“I’m a Writer. What’s Your Super-power?”
I love the whimsy of the t-shirt my husband bought for me from an Internet site. But truth be told, I’ve been a little embarrassed to wear it in public. There’s just a bit of—impudence? Sassiness? Arrogance? As the minister’s wife in a small community, I wasn’t sure I could get away with that kind of chutzpah.
So I took my t-shirt to Tucson where we recently enjoyed an extended family visit in the days surrounding my uncle’s celebration of life service and where no one but family would roll their eyes at my claim to fame. The Monday morning before we all left, the family loaded up in two cars and traipsed across the busy highway from the hotel to an eclectic curio shop that reminded me of a southwest themed Pier One store. It was a casual day so I donned my t-shirt and a pair of jeans thinking I could get away with my messaged t-shirt.
As I passed a glass case of turquoise jewelry, the clerk peered over her cash register. “What does your shirt say?”
My cheeks got that taunt, warm feeling you get when you think you’re blushing, but I stood straighter for her to read. How was I going to get out of this one?
“Writer, huh? I don’t know what my super-power is.”
The words poured out before I could be appalled at my brazenness. “I love my job as a writer. I’ve found there is power in the pen, power to influence lives and make a difference. I have the privilege to rub shoulders with awesome people, then tell their stories.”
In for a penny, in for a pound. I described my several articles about the organization, One Family, One Purpose that rebuilds homes shredded by tornadoes and how one article was the catalyst in giving One Family, One Purpose credibility in their fundraising efforts. God’s timing was perfect, for my story appeared just as the crew arrived in an Iowa community to rebuild a home, giving them the local publicity they needed to catapult the community into interest and support.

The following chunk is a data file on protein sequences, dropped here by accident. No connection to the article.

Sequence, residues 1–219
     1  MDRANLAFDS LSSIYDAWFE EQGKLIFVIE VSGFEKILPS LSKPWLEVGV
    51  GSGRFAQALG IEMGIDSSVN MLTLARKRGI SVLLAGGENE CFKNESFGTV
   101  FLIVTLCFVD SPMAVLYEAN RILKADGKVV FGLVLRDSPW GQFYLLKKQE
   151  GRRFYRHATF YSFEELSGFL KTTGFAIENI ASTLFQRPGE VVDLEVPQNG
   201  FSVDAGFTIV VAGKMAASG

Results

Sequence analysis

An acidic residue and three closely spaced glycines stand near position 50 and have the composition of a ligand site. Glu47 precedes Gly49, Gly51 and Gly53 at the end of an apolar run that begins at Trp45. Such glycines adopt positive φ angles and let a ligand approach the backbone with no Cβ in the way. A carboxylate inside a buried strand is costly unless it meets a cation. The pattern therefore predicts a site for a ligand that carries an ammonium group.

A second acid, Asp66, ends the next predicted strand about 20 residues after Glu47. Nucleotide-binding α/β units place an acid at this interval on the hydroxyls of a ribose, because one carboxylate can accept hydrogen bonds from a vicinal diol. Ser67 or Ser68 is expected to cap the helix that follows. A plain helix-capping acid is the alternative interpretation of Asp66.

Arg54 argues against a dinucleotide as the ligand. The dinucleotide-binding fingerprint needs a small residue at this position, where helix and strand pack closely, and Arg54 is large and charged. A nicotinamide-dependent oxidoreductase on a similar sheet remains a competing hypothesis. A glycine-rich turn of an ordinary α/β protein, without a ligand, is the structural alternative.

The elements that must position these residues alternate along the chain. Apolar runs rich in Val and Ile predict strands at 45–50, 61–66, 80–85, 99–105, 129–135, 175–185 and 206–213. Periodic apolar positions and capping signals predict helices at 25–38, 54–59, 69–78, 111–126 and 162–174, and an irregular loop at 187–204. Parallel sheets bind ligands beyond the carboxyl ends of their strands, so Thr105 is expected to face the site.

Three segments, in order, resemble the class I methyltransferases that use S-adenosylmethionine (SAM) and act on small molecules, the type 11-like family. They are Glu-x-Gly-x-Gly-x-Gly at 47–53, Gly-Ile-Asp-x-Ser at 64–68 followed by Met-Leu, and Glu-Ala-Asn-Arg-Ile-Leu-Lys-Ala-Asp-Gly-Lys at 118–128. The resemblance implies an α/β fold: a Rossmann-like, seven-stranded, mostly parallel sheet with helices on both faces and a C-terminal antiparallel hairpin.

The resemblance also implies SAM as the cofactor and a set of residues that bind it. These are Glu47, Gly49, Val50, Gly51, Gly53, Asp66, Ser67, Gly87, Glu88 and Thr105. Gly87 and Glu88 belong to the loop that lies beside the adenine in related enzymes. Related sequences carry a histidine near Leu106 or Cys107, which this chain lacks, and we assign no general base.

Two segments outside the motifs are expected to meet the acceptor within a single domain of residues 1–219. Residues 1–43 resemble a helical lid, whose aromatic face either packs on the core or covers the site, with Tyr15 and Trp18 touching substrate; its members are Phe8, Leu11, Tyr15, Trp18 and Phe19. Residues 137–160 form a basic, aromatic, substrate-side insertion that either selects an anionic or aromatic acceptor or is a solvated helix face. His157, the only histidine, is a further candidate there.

“And then there was Destiny.” Destiny was an isolated eleven-year-old deaf girl I met through the Deaf Institute in Cincinnati, Ohio who coped with her craving for social interaction by handing out note cards to public library patrons that read, “May I teach you sign language?”
“That story became the lead article in a national children’s magazine. It became this lower class child’s fifteen minutes of fame and gave her a shot of confidence about life she had not experienced before.”
The clerk shook her head. “Wow!” was all she could say.
I bet she went home, still shaking her head at her crazy customers. She probably told the story of this full-of-herself, overly enthusiastic customer who used a t-shirt as a conversation starter to brag about her accomplishments. I hope she didn’t see it that way. I hope she saw that what we do and how we use our God-given gifts can make a difference in the world and in the lives we influence.
Several passages in the New Testament talk about the concept of spiritual gifts. I’m not a theologian, but to me, our natural God-given abilities become spiritual gifts when God brings about results that can only happen through Him.
I suspect if Paul had lived in the 21st century, he would have called spiritual gifts super-powers. You see, I didn’t cause an Iowa community to pay attention to my story. I didn’t arrange for my story to land in their hands at a crucial moment. I didn’t plan for my story about an unknown deaf girl to be a lead story, nor did I know Destiny’s family and ethnic background when I chose to interview her. I didn’t expect that my connection with her would further draw her into a loving Christian deaf community that would nurture and encourage her.
I just wrote the story. God did the rest.
It was a super-power because the results of my actions came about only through His almighty power. My part was to do the best I could do, use my gift for His agenda, not my own, and relinquish the results and the credit to Him.
Ephesians 3:20,21 says,
Now to him who by the power at work within us is able to do far more abundantly than all that we ask or think, to him be glory in the church and in Christ Jesus to all generations, for ever and ever. Amen. (RSV)
So. I’m a writer. What’s your super-power?
How has the Lord used your natural God-given ability to do great and awesome things beyond your ability and your control?
Sorry to disagree with you, nice clerk at the curio shop. Everyone does have a super-power. God is waiting for each of us to find it and use it for Him so He can do great things beyond anything you can possibly imagine.